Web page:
Back-to-school season is an exciting time for children and teens. As teens prepare to take harder classes and return to sports, here are some tips to make the back-to-school transition as easy as possible.
The leading cause of death in teens is by car accidents. Fortunately, most of these accidents can be prevented. The list of guidelines below can help lower the chance of accidents behind the wheel.
- No cellphones– using cellphones while driving is the leading cause of accidents with teen drivers. Texting and driving should never occur, and in many states is illegal. Teens should also know that even touching their phone while driving can put them at an increased risk. Encourage safe driving by having strict guidelines regarding cell phone use and being a good role model by not using your phone behind the wheel.
- Seatbelts– Using a seatbelt is the best way to increase your chance of surviving a motor vehicle crash. Seatbelts should be worn by all passengers, at all times, with no exceptions.
- Distracted driving– First-time drivers can be easily distracted by using cellphones, eating while driving, listening to loud music and having friends in the car. Teens should not have passengers present in the car for the first 6 months after getting a license. They should also have volume limits for the radio and eat before getting behind the wheel.
While back to school time creates excitement for most students, the thought of advanced classes and standardized tests can create excess stress for teens. Try these tips to manage your teen’s stress levels.
- Extracurricular Activities– Make sure your child has a reasonable schedule outside of school. Dance, sports, music and other activities tend to require a bigger time commitment as kids get older. Sticking to a few after school activities will ensure that your child does not add to his/her stress level.
- Asking for help– middle school and high school can be tough. Teaching your child that it is normal to feel overwhelmed will make him/her more comfortable in asking for help.
- Know when stress is serious– while certain levels of stress in children and teens is normal, some behaviors could indicate that your child might need help. If you notice that your child is not sleeping enough, is having anxiety or depression or is harming themselves, contact a counselor or mental health practitioner immediately.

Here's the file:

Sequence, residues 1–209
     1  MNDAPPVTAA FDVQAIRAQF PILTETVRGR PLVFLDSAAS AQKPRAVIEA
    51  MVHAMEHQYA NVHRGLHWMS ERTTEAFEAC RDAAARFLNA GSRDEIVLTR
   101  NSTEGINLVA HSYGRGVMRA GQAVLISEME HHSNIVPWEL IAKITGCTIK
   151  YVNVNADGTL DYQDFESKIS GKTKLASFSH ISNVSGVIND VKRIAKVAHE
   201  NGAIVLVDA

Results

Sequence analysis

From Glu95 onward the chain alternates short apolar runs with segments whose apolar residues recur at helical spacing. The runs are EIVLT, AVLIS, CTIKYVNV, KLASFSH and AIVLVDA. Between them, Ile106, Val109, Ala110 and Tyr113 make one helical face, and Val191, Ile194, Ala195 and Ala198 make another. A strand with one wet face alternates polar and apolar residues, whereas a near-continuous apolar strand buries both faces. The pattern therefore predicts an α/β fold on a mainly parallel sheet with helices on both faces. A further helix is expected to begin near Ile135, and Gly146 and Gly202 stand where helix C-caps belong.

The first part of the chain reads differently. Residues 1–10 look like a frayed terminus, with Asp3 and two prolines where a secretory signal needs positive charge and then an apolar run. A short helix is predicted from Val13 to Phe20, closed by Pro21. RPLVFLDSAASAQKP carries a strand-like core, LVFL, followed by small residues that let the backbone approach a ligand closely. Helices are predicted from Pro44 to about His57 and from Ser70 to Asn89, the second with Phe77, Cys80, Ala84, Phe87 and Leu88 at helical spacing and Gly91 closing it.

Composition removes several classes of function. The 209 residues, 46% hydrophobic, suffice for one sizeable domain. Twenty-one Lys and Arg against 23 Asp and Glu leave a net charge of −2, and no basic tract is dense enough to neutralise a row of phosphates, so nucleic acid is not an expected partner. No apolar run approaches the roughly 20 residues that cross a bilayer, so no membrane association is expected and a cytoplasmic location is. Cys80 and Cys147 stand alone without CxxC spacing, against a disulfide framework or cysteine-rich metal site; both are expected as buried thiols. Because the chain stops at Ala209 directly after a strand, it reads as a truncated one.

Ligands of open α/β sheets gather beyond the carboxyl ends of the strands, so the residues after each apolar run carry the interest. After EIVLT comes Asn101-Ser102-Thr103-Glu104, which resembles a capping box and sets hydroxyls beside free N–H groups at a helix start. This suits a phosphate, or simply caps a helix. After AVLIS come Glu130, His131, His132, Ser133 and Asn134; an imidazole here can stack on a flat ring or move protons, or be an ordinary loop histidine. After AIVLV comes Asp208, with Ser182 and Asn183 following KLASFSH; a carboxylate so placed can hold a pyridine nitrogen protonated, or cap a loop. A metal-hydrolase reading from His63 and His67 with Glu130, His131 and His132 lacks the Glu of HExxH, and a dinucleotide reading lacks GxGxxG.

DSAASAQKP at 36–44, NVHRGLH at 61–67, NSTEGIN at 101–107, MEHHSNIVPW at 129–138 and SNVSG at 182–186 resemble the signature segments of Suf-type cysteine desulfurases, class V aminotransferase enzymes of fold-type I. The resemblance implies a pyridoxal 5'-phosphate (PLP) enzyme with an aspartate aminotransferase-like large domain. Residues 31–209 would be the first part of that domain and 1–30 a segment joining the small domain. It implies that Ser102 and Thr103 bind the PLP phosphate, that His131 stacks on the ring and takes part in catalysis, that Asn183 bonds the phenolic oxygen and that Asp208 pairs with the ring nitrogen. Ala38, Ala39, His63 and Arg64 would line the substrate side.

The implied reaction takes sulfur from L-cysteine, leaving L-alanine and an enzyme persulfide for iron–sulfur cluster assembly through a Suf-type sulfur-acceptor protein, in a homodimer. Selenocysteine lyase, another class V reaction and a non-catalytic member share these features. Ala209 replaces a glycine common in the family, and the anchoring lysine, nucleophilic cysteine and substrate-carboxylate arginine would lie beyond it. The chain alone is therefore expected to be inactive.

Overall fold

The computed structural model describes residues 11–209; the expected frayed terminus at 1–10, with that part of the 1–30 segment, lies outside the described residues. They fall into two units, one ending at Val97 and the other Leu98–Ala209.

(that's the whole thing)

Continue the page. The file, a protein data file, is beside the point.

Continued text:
Your child may be packing a lunch or eating in the school cafeteria. Either way, they have more freedom to decide what they want to eat. Encourage them to make healthy decisions by:
- Preparing healthy dinners with leftovers for school lunches– packing leftovers from favorite, nutritious dinners will allow them to eat a healthy lunch instead of grabbing something quick and unhealthy.
- Having healthy groceries on hand– stock the fridge with fruits and vegetables instead of sugary snacks to give your child something wholesome to eat. Take grocery shopping requests from your child for healthy snack options.
- Review the menu with your child– if your child is eating lunch in the school cafeteria, check out your school’s website to see the posted lunchroom menu. Planning with your child what they will eat everyday will prepare them to make good decisions before they step foot into the cafeteria.
Though the Food and Drug Administration (FDA) has not set guidelines for safe caffeine consumption for children, the American Academy of Pediatrics discourages caffeine use for children and adolescents. If you allow your child to occasionally drink caffeine, make sure he or she is getting enough sleep, making good grades and is not having anxiety and jitters.
E-cigarette use among teens is on the rise, and studies show that teens often “vape” or “JUUL” (E-cigarette brand, pronounced jewel) on school grounds. This type of behavior usually happens in bathrooms, and may even occur in the classroom. Exposure to nicotine can harm brain development, in addition to raising the risk of future cigarette and drug use. Be sure your teen is ready to say “no” to the peer pressures of vaping by educating him/her on the dangers of nicotine use.
OPT IN for scoliosis screening
Schools play a vital role in early scoliosis detection. Alabama public schools offer free yearly scoliosis screening for students in the 5th through 9th grades (ages 11-14). Beginning in the 2019-2020 school year, students must return a signed parent permission slip to be screened. Ensure that your child is screened for scoliosis by signing the permission slip provided to your child.